Amount of funds raised

For most organizations, the easiest measure of the success of the database is the amount of money raised by using it. (In my opinion, databases should also be used to track volunteer hours, but most organizations don't.) The database is essential to membership renewals, appeal mailings, major donor solicitations and much other fundraising. Theoretically, it should be pretty easy to run a report of how much money you've raised in the last year, but almost a quarter of the respondents didn't know how much they were earning annually through activities they track in their database.

Oddly enough, the amount raised was not clearly linked to the size of the organization. Groups with more contacts in their database generally tended to raise more.

As you'd expect, organizations that spend more time using their database raise more money with it. Those that raise $20,000 or more through their database spend, on average, 10 or more hours per week using it. There is a lot of variation here, but in general, revenues rise with time spent. A few organizations invested relatively little time and earned large amounts, and I'll have to investigate their secrets later on. And a few spent lots of time for little gain. Ouch!

More telling were the database "best practices" employed by successful fundraising groups. The organizations that raised more also tended to:

  • Track of interactions with contacts (such as mailings, phone calls, emails, etc.);

  • Generate emails from the database;

  • Use their database to identify major donors;

  • Have more people using the database

  • Use the database more hours; and

  • Generate reports from the database on overall organizational fundraising.

Organizations with Excel tended to raise the least. Many Microsoft Access users raised little, but a couple brought in $80,000 and over - these were larger organizations using older, custom-programmed systems which have pushed them to the limit. DonorPerfect, ETapestry and Salesforce averaged highest (in each case around $30,000 per year)

Conclusion: as long as you have a database that allows you to carry out the "best practices," the amount of money you raise depends mainly upon whether you use it, not upon its specific features. Hence, you should be looking for useability.


Potential for Fundraising

With a few exceptions, the reporting organizations could probably raise more from their supporters if they cultivated members and donors and worked systematically from their databases. (This is my personal opinion, but why else would I be proselytizing for systematic fundraising?) With the help of Richard Fox - the very successful fundraiser for Trees, Water and People - I estimated the possible revenue depending upon the size of the membership, based on the experience we've both had with river and watershed organizations. We assumed that an organization would:

  • Send out two appeals a year to its members, with a 14% return rate and an average gift of $40; (Richard insists that you should send out at least four. He emails, "If you are not developing your members ... someone else is ... and people will forget about you and become disengaged if you only send them two mailings a year." At the risk of killing more trees, I'm afraid that in general results prove him right.)

  • Charge $35 in annual dues, and get around a 70% renewal rate after sending out an average of two reminders;

  • Acquire spontaneous new members from events and activities equal to about 6% of its current membership (For a membership of 500 this would mean 30 new members sign up at events and activities);

  • Acquire about double that number of new members through acquisition mailings or other methods (in order to maintain its membership base for the next year);

  • Receive major gifts ($500 or more) from 2% of its members after investing about 5 hours in each solicitation. (For a membership of 500, this would be 10 major gifts.)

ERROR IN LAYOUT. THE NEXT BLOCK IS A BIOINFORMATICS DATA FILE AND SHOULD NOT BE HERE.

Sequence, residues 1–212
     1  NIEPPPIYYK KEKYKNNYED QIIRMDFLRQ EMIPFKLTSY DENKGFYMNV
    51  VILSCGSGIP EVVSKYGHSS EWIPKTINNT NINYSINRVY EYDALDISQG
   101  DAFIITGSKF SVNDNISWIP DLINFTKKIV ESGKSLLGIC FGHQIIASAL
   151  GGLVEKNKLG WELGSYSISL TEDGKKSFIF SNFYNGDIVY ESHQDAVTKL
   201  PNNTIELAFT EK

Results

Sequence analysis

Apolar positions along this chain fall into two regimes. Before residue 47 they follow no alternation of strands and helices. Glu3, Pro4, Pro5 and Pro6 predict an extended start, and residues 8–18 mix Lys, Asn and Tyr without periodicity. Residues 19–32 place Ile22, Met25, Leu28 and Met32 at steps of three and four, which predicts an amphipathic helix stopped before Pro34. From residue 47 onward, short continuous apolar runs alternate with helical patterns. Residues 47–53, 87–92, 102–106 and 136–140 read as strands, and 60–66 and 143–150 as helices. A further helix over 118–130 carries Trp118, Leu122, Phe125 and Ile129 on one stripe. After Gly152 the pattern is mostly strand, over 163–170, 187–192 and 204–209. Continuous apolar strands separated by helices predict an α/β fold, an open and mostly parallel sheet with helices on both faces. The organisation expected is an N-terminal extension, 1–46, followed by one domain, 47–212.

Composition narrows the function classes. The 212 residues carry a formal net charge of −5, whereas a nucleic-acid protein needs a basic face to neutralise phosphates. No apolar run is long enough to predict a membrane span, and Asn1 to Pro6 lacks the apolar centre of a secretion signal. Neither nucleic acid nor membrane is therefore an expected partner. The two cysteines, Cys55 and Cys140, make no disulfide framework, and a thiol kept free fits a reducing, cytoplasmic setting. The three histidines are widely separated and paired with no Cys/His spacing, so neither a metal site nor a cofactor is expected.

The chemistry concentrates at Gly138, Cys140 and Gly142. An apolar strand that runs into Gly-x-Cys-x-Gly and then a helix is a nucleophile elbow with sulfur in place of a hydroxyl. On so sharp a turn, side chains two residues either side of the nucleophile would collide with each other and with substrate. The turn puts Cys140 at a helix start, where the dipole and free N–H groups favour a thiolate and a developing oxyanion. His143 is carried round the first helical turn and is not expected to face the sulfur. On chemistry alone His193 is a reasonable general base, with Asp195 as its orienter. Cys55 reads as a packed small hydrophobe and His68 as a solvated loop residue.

We figured in costs and staff time for mailings and donor cultivation, and came up with the following estimates:

In the above graph, for example we estimate that an organization with 500 members could gross approximately $27,000, of which approximately $17,000 would cover expenses (mainly staff time), leaving a net of $10,000. (Most organizations don't track staff time dedicated to fundraising - sigh - so they would see this as something more like $25,000 net.)

These figures will seem optimistic to some, but they are below the percentages that Richard and other fundraisers regularly attain, and I believe that as the years pass they will become the expected norm among river and watershed groups.

Conclusions
Many river and watershed organizations are still getting by with inexpensive (or free) database software. Dedicated fundraising software can be had for as little as $500, without support and on a single computer (not web). Organizations that have upgraded recently to web-based or multi-user systems typically paid in the low thousands for the software and customization. The two databases mentioned most frequently respondents were Salesforce and eTapestry. Both ranked relatively high in user satisfaction. Salesforce comes free, at present, but usually requires customization by a consultant. eTapestry charges a monthly fee which jumps after the number of contacts in the database reaches one thousand.

Organizations that raise significant funds (i.e. $20,000 or more) through their database spend, on average, 10 or more hours per week using it. They also invest on average somewhere around $1,000 in consulting or volunteer time in maintaining their computer systems.

For organizations that dedicated time to their databases, they were generally a good investment. The amount of money organizations raised was most closely related to certain best practices, such as tracking contacts with members and donors in the database. Organizations with databases that didn't facilitate these practices - such as Excel spreadsheets and Access - generally earned less.

And in general, the responding river and watershed organizations probably earned less than they could if they raised funds more systematically and contacted their donors more often.

Conclusion: If your organization dedicates time to managing and maintaining a database for your fundraising, it's likely to be an investment that will pay for itself.


Database Survey Part 1